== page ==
Thyroid cancer has been one of the most rapidly increasing cancers in Canada in recent years.Footnote 1,Footnote 53 The steep upward trend could be due to the increasing use of diagnostic technologies such as fine-needle aspiration for the detection of subclinical tumours, increased exposure to diagnostic ionizing radiation that could promote the initiation of new tumours, or increased exposure to an as yet unidentified environmental risk factor.Footnote 54,Footnote 55 Ionizing radiation remains the most established risk factor for thyroid cancer, but mounting evidence points to a possible role of body weight and female reproductive factors, both of which probably operate in carcinogenesis through hormonal pathways. Despite the growing incidence rate, thyroid cancer mortality rates have remained low and the 5-year RSR in both sexes (98%) is the highest of all the major cancers.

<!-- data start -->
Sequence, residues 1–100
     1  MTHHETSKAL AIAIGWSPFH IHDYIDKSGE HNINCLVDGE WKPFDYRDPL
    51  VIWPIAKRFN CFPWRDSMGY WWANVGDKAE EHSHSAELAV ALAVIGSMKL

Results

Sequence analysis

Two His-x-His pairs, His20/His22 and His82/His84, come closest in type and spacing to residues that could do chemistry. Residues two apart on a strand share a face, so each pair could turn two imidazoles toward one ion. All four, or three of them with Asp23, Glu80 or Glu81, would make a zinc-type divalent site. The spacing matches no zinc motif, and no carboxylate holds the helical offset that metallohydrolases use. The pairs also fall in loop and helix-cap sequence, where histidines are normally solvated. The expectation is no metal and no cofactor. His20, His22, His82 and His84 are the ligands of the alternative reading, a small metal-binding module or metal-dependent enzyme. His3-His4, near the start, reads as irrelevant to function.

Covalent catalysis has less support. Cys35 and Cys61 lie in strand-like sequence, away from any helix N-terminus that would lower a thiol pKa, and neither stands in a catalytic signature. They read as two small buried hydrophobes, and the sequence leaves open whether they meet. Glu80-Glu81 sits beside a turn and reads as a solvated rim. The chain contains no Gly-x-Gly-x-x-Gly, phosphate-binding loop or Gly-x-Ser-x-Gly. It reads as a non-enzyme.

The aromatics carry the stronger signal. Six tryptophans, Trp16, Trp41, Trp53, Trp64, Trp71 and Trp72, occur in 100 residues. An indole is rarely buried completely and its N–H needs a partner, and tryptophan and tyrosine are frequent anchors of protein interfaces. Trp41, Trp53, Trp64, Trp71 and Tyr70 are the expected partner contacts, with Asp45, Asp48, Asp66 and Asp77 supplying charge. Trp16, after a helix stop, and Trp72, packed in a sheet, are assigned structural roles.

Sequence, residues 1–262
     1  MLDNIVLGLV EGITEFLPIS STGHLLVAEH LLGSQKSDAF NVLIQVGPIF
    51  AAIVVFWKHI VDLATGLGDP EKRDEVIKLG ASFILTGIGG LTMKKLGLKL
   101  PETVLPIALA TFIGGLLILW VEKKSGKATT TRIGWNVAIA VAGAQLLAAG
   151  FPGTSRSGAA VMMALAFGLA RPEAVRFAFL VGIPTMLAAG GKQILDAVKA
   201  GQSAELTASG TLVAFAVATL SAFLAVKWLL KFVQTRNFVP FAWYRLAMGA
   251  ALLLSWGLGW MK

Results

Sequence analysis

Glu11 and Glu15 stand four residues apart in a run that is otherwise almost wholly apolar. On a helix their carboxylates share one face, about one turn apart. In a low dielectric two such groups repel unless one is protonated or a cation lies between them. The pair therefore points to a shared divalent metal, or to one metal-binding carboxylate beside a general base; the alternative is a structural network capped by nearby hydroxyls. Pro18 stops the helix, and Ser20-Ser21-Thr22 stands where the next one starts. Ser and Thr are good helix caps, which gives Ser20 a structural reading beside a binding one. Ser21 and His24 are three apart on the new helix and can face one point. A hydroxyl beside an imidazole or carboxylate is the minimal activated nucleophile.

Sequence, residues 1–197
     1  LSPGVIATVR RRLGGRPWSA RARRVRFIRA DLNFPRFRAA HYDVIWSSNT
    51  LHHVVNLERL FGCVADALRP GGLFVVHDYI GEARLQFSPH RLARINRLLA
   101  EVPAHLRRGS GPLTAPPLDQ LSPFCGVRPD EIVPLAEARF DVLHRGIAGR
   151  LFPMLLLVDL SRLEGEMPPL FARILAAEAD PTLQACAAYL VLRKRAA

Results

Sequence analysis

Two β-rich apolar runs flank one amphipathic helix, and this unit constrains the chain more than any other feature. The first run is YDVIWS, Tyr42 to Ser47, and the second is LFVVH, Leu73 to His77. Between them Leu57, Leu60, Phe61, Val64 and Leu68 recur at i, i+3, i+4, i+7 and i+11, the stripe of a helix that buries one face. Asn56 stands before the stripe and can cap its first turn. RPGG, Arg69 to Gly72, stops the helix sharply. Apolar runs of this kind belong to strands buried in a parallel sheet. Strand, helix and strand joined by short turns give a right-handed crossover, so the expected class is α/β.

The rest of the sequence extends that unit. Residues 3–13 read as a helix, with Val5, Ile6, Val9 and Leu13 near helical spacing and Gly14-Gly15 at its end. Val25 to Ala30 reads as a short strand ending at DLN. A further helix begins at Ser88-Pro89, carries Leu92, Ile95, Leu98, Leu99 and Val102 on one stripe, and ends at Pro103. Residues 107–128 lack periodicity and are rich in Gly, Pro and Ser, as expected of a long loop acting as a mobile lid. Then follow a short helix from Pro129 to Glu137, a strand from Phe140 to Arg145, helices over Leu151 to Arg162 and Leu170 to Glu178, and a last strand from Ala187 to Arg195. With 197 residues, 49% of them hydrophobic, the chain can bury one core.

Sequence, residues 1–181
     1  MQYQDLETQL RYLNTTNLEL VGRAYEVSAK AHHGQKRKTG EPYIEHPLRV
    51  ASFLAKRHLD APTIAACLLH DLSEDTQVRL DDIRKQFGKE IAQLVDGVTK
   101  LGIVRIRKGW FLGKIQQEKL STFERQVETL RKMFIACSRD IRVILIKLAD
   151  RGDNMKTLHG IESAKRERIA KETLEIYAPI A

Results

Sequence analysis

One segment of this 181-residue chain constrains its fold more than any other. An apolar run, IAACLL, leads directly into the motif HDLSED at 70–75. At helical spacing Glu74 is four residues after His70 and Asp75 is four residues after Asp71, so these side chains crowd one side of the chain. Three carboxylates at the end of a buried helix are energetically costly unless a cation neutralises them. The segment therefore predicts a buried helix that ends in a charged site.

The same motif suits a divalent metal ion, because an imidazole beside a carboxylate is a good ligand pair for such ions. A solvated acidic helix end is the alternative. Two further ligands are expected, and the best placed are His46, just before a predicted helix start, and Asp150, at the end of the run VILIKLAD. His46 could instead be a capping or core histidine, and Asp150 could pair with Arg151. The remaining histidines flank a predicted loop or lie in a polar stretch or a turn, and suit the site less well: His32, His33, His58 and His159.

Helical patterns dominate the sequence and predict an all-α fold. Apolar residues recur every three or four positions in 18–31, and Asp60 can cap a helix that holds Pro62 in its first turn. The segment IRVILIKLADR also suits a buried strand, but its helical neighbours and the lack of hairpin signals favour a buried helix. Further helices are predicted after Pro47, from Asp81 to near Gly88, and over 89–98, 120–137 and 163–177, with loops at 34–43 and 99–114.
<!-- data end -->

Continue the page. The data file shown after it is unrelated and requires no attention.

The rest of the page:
Liver Cancer

The most common type of primary liver cancer, hepatocellular carcinoma, is associated with low survival and high mortality. Between 1970 and 2007, incidence of liver cancer in Canada has increased faster in males (3.5% per year) than in females (1.9% per year). Gender differences in incidence may be due to the different distribution of liver cancer risk factors, such as heavy drinking (i.e. above the low-risk drinking guidelinesFootnote 56), smoking and hepatitis infection. Population-based estimates show that the heavy drinking rate in Canada has increased between 1989 and 2007 from 18.9% to 25% for males and 7.2% to 9.6% for females.Footnote 57,Footnote 58